Daybreak:Volume 1 Chapter 4
Chapter 4 - Regressions of Time
Dusk had fallen by the time they left the library.
Kaede followed behind Pascal as she balanced four massive tomes in her small hands. With her concentration focused on her heels to prevent any missteps, she couldn't help but start to fall behind as her thin arms held up what felt like a boulder's weight.
Her body was also bothering her with another pressure... and it was becoming harder to ignore by the second.
"W-wait!" she called out, her breaths already starting to fall short. These books might be heavy but they should have been manageable. This body is such a pain!
Ten paces ahead of her, Pascal sent a backwards glance. He sighed audibly and swiveled around, marched right up to her, and pulled all four tomes out of her hands.
Wow, he's voluntarily helping!
Kaede never thought she could be amazed by something so minor.
"Come on." He started walking towards the dormitories again. His pace slowed with books in hand. "You really had to check out all these old history tomes? Not something more substantial like a book on geography or magical treatise? How is a collection of past events, dates, and dead people going to help you?"
"Don't look down on history," she snapped back. "History is the foundation of cultural values and geopolitical relations. It's so much more than just a timeline of events and people. It illustrates how entire societies think, act, and relate to each other.
"Seriously, it's annoying how most schools treat something so important as just a bunch of dates, names, and all those useless details. It makes people lose respect for history." Kaede launched straight into an impromptu rant. "The 'what' is only worth a third of the attention given to any event. Instead of focusing on useless details, they should spend more time discussing why it happened and how it affected the flow of civilization, exploring what could have happened had a different choice been made, et cetera. Here is a record of people succeeding and failing, with world-altering implications, for thousands of years! From how policies affected social trends to how arsenals decided battles! And instead of analyzing and referencing it for their own use, most people just shrug it off as useless! Seriously!"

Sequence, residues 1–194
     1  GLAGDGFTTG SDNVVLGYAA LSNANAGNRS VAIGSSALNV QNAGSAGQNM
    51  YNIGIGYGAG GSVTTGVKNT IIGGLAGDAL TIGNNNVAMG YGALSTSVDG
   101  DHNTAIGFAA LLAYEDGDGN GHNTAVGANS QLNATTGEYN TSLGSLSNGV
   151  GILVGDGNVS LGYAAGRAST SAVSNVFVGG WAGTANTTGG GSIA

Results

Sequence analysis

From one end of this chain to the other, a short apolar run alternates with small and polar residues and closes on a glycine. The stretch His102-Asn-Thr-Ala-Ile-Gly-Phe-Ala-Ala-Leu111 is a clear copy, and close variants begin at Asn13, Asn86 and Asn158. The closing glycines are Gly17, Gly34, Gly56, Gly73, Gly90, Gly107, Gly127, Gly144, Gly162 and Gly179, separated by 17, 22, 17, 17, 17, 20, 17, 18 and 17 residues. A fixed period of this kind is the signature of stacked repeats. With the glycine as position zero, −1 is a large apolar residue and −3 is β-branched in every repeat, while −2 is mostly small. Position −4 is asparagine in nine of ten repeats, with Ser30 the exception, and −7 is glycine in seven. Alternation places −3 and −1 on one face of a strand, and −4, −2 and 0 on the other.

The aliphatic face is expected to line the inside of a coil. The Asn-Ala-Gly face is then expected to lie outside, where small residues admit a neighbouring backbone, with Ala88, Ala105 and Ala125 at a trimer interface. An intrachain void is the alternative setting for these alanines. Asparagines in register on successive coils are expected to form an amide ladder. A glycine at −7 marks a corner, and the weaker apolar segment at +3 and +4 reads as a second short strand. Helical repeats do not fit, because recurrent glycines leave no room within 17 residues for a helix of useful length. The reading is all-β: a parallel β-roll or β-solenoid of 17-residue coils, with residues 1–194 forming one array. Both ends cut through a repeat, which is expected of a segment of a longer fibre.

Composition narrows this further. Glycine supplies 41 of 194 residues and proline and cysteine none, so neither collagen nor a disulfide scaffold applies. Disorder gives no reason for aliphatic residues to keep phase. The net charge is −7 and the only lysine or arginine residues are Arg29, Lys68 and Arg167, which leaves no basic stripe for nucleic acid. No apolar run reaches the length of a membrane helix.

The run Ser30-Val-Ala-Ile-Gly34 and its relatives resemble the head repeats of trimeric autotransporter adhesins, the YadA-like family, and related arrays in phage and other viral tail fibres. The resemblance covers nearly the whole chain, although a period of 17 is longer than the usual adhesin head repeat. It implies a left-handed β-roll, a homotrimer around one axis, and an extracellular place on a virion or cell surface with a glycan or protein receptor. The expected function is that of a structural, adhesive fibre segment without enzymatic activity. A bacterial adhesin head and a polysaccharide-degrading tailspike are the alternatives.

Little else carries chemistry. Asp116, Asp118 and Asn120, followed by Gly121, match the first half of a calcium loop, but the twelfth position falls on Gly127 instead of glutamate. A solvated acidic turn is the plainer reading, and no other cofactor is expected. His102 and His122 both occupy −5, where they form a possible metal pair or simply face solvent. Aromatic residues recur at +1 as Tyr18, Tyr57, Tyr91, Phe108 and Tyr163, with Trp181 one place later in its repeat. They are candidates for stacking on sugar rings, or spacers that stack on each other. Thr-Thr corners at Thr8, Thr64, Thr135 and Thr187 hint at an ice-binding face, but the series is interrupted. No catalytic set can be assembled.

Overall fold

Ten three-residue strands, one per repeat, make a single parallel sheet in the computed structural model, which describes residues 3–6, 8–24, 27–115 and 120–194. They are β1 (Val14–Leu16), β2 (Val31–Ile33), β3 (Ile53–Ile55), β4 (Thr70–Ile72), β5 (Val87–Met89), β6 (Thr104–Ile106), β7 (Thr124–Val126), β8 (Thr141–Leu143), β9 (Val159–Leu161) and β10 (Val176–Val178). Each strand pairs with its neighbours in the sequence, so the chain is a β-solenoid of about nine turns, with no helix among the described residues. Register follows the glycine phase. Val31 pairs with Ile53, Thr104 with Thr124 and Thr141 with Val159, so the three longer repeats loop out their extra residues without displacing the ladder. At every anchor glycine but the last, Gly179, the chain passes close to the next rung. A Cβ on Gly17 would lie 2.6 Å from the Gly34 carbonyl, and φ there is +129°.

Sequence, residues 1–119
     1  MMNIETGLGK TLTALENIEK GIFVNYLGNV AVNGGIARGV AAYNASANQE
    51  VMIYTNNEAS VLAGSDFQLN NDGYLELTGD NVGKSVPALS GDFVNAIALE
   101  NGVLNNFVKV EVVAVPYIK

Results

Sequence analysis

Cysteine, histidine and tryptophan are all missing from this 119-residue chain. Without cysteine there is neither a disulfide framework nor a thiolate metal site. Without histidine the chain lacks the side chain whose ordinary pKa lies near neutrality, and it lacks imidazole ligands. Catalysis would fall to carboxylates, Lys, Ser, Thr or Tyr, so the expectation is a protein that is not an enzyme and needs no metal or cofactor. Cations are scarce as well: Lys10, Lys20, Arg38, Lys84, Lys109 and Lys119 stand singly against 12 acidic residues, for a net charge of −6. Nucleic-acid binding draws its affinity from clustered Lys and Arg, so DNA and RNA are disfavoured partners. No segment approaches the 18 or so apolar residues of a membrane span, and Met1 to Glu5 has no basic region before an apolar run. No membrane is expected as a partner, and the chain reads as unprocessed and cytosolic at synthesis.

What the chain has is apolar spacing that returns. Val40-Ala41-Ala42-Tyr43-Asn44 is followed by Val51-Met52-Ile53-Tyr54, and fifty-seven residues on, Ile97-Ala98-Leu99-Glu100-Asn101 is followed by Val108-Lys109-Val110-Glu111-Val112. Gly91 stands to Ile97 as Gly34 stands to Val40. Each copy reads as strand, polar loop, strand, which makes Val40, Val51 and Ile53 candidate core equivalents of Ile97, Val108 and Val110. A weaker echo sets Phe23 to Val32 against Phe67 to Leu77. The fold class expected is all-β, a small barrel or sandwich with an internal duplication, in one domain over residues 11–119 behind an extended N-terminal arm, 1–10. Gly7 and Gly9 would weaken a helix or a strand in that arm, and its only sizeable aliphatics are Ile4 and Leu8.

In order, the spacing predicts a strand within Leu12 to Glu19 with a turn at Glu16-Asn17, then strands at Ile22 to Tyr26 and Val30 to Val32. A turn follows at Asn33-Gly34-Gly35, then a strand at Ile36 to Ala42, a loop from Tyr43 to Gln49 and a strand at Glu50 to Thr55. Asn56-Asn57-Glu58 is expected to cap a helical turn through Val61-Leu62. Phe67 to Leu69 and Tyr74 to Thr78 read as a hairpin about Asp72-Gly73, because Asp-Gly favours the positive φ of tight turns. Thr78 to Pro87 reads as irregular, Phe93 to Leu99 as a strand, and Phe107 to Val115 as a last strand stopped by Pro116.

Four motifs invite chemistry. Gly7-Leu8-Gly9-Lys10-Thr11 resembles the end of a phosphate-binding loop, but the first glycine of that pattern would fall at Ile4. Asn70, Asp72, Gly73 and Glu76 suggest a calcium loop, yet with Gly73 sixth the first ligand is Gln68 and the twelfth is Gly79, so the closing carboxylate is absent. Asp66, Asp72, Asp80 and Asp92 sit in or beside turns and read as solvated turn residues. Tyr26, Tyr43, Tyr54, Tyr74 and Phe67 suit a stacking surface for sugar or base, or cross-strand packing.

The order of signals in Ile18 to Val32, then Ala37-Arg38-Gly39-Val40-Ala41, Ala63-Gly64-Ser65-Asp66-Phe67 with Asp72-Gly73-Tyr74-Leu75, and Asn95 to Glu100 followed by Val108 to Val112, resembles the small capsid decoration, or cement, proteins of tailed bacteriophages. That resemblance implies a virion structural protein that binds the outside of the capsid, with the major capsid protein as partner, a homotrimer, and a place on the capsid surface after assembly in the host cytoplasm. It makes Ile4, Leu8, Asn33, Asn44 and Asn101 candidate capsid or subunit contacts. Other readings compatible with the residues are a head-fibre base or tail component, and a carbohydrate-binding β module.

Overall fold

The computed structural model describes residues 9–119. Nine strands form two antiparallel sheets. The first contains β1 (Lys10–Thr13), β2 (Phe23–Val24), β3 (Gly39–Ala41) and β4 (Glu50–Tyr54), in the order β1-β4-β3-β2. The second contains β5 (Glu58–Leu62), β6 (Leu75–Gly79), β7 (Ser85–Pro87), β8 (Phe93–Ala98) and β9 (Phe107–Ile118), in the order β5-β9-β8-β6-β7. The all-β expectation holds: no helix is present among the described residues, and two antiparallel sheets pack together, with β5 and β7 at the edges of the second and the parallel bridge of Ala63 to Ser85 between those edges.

Now really short of breath, Kaede finally noticed that Pascal was examining her with an odd expression: lopsided smile, single raised eyebrow, and amusement dancing in his eyes. "Professor or scholar?" He asked.
"I wanted to be." She replied in a low, somber whisper filled with nostalgia. "Not teach in the traditional sense, but to write books and become the historical advisor to a media studio. Only scholars delve deep into academic books. Spreading the wisdom of history would require the use of games, serializations, movies, all that and more."
"How is a game supposed to teach history?" Pascal was growing more and more intrigued as he turned into one of the dormitory keep's spiraling tower staircases. "And what is a movie?"